On a slightly more esoteric note, there is a new product linked to Ayurveda which a long term Sadhak (spiritual seeker) recently remarked is a bit like ‘Homeopathic Holy Water’! I am referring to the ‘Shakti Drops’ produced by Sri Sri Tattva Ayurvedic Products. The drops contain the essence of six key Ayurvedic super herbs. The stated dosage taken is very small – only five or six drops are needed in a glass of water.
Purchasing Ayurvedic Herbs
This site has no commercial links, so the advice given here is unbiased and based on the experiences of the author.
Fortunately, Ayurvedic herbs have become much easier to obtain over the past twenty years. In part this is due to the growing awareness of Ayurveda in the West and partly due to the online market place availability (e.g. Amazon and eBay). There are now many good, quality suppliers.
When buying Ayurvedic herbal supplements I usually prefer to get products (particularly Rasayanas i.e. complex herbal mixtures) from suppliers involved in people’s spiritual development (these are often Ashram based). There are a number of these organisations around and, although often little known outside India, many are surprisingly large scale operations. This means they have access to the top Ayurvedic experts, have strict Quality Assurance procedures in place and have access to the best laboratories for testing their products. Many of them also support local farmers who grow and harvest the herbs to their specifications.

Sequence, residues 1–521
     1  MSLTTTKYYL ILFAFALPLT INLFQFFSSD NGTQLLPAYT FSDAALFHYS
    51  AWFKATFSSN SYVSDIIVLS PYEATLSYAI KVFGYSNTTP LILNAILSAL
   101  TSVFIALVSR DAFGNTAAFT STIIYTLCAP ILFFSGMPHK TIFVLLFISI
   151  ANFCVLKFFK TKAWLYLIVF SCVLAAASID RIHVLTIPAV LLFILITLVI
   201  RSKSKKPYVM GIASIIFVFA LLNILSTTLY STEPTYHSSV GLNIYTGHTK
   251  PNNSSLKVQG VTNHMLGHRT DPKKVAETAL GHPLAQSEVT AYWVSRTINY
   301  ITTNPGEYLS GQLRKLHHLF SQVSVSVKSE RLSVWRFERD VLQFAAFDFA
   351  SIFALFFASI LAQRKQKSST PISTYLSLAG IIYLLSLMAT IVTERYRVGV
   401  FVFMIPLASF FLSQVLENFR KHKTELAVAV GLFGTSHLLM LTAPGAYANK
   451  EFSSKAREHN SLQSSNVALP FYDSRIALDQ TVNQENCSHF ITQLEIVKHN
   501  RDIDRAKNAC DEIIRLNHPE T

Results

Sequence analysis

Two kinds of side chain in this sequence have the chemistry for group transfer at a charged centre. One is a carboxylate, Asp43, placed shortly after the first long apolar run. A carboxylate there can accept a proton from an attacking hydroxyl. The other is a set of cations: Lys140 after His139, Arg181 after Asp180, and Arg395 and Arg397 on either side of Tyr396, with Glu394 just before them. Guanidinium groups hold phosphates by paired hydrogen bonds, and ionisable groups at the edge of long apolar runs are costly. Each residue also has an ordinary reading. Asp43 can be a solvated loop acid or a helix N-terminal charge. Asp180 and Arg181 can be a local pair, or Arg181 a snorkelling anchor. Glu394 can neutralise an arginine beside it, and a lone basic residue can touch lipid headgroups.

A number of suppliers, particularly ‘Health Food’ type shops, tend to fall into the Western mind-set trap of selling capsules incorporating just the ‘active ingredient’ (e.g. curcumin in turmeric). Another processing error is to produce smaller and lighter tablets with a ‘concentrate’ of the herb. If you really can’t find anything else then these are, in my opinion, ‘just about acceptable’ as alternatives – but they ignore many of the fundamental Ayurvedic principles relating to herbal preparations.
A Few Recommended Suppliers
- Maharishi Ayurvedic Products – relatively expensive, but high quality products available in USA, UK and Europe. Their website usually carries some Ayurvedic health tips too
- Products from the Swami Ram Dev organisation. An extensive range of quality Ayurvedic products available in USA, UK and Europe under the ‘Patanjali’ brand.
- Products from the Art of Living under the ‘Sri Sri Tattva’ brand (a large NGO founded by Sri Sri Ravi Shankar) – another high quality supplier
- Products from smaller (but good) suppliers which usually sell a small range of Ayurvedic herbs: Essential Ayurveda: Swansons : Planetary Herbals : Pukka
 The best pepper to increase bio-availability is actually Indian Long Pepper (Piper longum). This is not to be confused with the cheaper Indonesian Long Pepper (Piper retrofactum). It is different from the ordinary Black Pepper (Piper nigrum) too!
Other Key Strategies to Boost Immunity
- Increasing Ojas to improve immunity
- Better immunity through meditation
- Strengthening our digestive fire to help prevent disease
- Ayurvedic lifestyle to strengthen our immune system
- Ayurvedic diet to increase our resistance to disease
- Detoxification to strengthen our immune system
- Improving immunity through Yoga and Pranayama
or, return to Boosting Immunity with Ayurveda – an Overview article
Additional Information on Ayurveda
Introduction to Ayurveda. A range of articles for people new to this subject, including: Introductions, FAQs, Vata–Pitta–Kapha Explained and Origins of Ayurveda.
Top Tips from Ayurveda. Articles giving practical advice from Ayurveda on: Getting Better Sleep and Achieving Good Digestion.
Vedic Meditation. Articles looking at the techniques, health benefits and unique features of mantra-based Vedic Meditation.